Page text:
These quick increases in glacier decline are foreboding. Recent studies of ice cores in the Arctic and the Antarctic demonstrate that global warming may not be a gradual phenomenon.

The ice core studies demonstrate that during the last global warming, the earth’s climate warmed gradually and then abruptly increased by approximately 20 degrees Fahrenheit to end the ice age 12,500 years ago. The ancient carbon dioxide levels that provoked these abrupt changes, while significant, were far lower than the rising concentrations in today’s atmosphere.

Until these discoveries, global warming had been described as a gradual event (4 degrees Fahrenheit over the past 60 years) that will reach dangerous levels around the year 2050 or 2100. This new evidence demonstrates that the present gradual warming could develop into an abrupt change.

An increase of this magnitude (20 degrees Fahrenheit) would flood most cities and industrial centers in the world as the ice caps melt into the sea raising the sea level. (If all of the ice caps melted, sea level would rise approximately 260 feet.) The potential catastrophic results of global warming and the threat to humanity’s future should become an immediate concern.

Along with global warming, the increasing pollution of the oceans, the fresh water, the land, and the air throughout the world has put into question the future of our species and other species.

Fidel Castro expressed the urgency of these problems in his speech to the Earth Summit in Rio De Janeiro in 1992. He opened with these words:

“An important biological species-humankind-is at risk of disappearing due to the rapid and progressive elimination of its natural habitat. We are becoming aware of this problem when it is almost too late to prevent it. It must be said that consumer societies are chiefly responsible for this appalling environmental destruction. … Tomorrow will be too late to do what we should have done a long time ago.”

In this context, the fight for the spotted owl, the snail darter, and other endangered species, while important in their own right, are indicative of a far greater concern-the survival of humanity.

A fight for human rights

It is becoming clear that the struggle for the environment is a fight for human rights and the survival of the species-a struggle for environmental justice. We need to defend, in the words of Thomas Jefferson, humanity’s “Unalienable Rights to Life, Liberty, and the Pursuit of Happiness.”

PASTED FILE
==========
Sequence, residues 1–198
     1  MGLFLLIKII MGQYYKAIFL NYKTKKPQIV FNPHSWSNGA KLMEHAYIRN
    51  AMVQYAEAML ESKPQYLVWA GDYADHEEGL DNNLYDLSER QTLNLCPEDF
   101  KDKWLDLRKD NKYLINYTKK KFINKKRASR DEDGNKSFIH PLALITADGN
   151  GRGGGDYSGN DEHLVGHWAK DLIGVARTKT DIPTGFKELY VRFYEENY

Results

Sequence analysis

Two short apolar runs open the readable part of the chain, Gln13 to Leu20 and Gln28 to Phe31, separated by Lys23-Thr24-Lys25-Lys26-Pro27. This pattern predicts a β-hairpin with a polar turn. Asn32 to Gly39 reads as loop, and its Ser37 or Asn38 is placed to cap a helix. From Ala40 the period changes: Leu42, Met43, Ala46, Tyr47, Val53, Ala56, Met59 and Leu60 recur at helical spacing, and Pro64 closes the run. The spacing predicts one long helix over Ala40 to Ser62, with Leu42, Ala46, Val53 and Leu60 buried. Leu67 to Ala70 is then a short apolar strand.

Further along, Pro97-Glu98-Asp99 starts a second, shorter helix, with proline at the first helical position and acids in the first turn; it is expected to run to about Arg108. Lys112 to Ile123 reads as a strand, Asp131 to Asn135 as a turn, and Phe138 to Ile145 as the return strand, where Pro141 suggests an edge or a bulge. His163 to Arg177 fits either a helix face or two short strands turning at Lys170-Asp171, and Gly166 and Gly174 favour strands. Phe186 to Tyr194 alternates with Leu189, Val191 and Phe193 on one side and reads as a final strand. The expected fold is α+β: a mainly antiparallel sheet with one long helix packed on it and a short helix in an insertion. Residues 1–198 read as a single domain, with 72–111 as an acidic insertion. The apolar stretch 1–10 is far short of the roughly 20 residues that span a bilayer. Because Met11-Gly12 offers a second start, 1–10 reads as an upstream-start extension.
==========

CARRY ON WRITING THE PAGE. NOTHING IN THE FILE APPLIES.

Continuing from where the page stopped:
We should demand:

  • All products must be tested for toxicity before being produced for the market. The present practice of experimenting on human beings and waiting for the human body counts before determining that substances are toxic must be stopped;
  • The production of toxic substances must be stopped and the least toxic alternatives must be used until all toxins can be eliminated from use;
  • Gravity, wind, and solar power must be developed to replace fossil fuels as a source of energy.
  • The top priority throughout the world must be the elimination of pollution and the development of science to maintain the earth as a healthy biosphere for humanity;
  • The squandering of trillions of dollars on military spending must stop and these trillions of dollars must be used to repair the environment. (In 1991, even after the end of the Cold War, military spending was almost 1 trillion dollars.);
  • There must be a 100 percent tax on the profits of companies that pollute.

The environmental movement has raised many of these demands. In the past 30 years, many laws have been written incorporating some of these concepts. Yet despite these laws, environmental destruction has been allowed to proceed because these regulations have always been compromised by the incorporation of the concept of “economic feasibility.”